Oxidant stress regulatory genetic variation in recipients and donors contributes to risk of primary graft dysfunction after lung transplantation.

TitleOxidant stress regulatory genetic variation in recipients and donors contributes to risk of primary graft dysfunction after lung transplantation.
Publication TypeJournal Article
Year of Publication2015
AuthorsCantu E, Shah RJ, Lin W, Daye ZJ, Diamond JM, Suzuki Y, Ellis JH, Borders CF, Andah GA, Beduhn B, Meyer NJ, Rushefski M, Aplenc R, Feng R, Christie JD
Corporate AuthorsLung Transplant Outcomes Group Investigators
JournalJ Thorac Cardiovasc Surg
Volume149
Issue2
Pagination596-602
Date Published02/2015
ISSN1097-685X
KeywordsAdult, Epistasis, Genetic, Female, Genetic Variation, Genotype, Glutathione Peroxidase, Humans, Lung Transplantation, Male, Membrane Proteins, Middle Aged, NADPH Oxidase, NF-E2-Related Factor 2, Oxidative Stress, Polymorphism, Single Nucleotide, Primary Graft Dysfunction, Risk, Tissue Donors
Abstract

OBJECTIVE: Oxidant stress pathway activation during ischemia reperfusion injury may contribute to the development of primary graft dysfunction (PGD) after lung transplantation. We hypothesized that oxidant stress gene variation in recipients and donors is associated with PGD.

METHODS: Donors and recipients from the Lung Transplant Outcomes Group (LTOG) cohort were genotyped using the Illumina IBC chip filtered for oxidant stress pathway genes. Single nucleotide polymorphisms (SNPs) grouped into SNP sets based on haplotype blocks within 49 oxidant stress genes selected from gene ontology pathways and literature review were tested for PGD association using a sequencing kernel association test. Analyses were adjusted for clinical confounding variables and population stratification.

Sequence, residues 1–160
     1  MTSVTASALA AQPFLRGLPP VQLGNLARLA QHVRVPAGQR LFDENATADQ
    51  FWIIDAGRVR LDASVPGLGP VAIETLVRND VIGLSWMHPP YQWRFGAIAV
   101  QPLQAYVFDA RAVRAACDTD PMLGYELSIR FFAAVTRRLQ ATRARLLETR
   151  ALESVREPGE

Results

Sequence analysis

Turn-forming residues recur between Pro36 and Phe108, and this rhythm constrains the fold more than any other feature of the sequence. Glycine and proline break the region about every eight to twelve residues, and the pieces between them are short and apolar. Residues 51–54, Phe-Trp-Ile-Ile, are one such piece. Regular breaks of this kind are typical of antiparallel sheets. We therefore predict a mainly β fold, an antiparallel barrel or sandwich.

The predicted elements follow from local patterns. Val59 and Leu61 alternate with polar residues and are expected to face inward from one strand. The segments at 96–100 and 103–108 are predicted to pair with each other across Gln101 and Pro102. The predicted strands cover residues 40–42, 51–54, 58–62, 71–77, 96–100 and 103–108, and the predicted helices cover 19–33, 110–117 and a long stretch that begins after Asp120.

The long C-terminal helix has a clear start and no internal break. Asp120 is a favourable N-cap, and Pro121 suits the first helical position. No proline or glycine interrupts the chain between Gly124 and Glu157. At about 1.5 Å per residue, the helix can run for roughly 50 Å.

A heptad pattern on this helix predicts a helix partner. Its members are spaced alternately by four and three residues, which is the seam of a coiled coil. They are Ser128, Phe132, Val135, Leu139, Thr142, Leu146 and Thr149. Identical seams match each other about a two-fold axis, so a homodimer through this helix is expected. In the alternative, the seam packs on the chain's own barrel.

RESULTS: Three hundred ninety-two donors and 1038 recipients met genetic quality control standards. Thirty percent of patients developed grade 3 PGD within 72 hours. Donor NADPH oxidase 3 (NOX3) was associated with PGD (P = .01) with 5 individual significant loci (P values between .006 and .03). In recipients, variation in glutathione peroxidase (GPX1) and NRF-2 (NFE2L2) was significantly associated with PGD (P = .01 for both). The GPX1 association included 3 individual loci (P values between .006 and .049) and the NFE2L2 association included 2 loci (P = .03 and .05). Significant epistatic effects influencing PGD susceptibility were evident between 3 different donor blocks of NOX3 and recipient NFE2L2 (P = .026, P = .017, and P = .031).

CONCLUSIONS: Our study has prioritized GPX1, NOX3, and NFE2L2 genes for future research in PGD pathogenesis, and highlights a donor-recipient interaction of NOX3 and NFE2L2 that increases the risk of PGD.

DOI10.1016/j.jtcvs.2014.09.077
Alternate JournalJ. Thorac. Cardiovasc. Surg.
PubMed ID25439478
PubMed Central IDPMC4346512
Grant ListHL081619 / HL / NHLBI NIH HHS / United States
HL087115 / HL / NHLBI NIH HHS / United States
HL090021 / HL / NHLBI NIH HHS / United States
HL096845 / HL / NHLBI NIH HHS / United States
HL114626 / HL / NHLBI NIH HHS / United States
HL115354 / HL / NHLBI NIH HHS / United States
HL116656 / HL / NHLBI NIH HHS / United States
K23 HL116656 / HL / NHLBI NIH HHS / United States
K23 HL121406 / HL / NHLBI NIH HHS / United States
K24 HL115354 / HL / NHLBI NIH HHS / United States
R01 GM088566 / GM / NIGMS NIH HHS / United States
R01 HL081619 / HL / NHLBI NIH HHS / United States
R01 HL087115 / HL / NHLBI NIH HHS / United States
R01 HL096845 / HL / NHLBI NIH HHS / United States
R01 HL114626 / HL / NHLBI NIH HHS / United States
R0IGM088566 / / PHS HHS / United States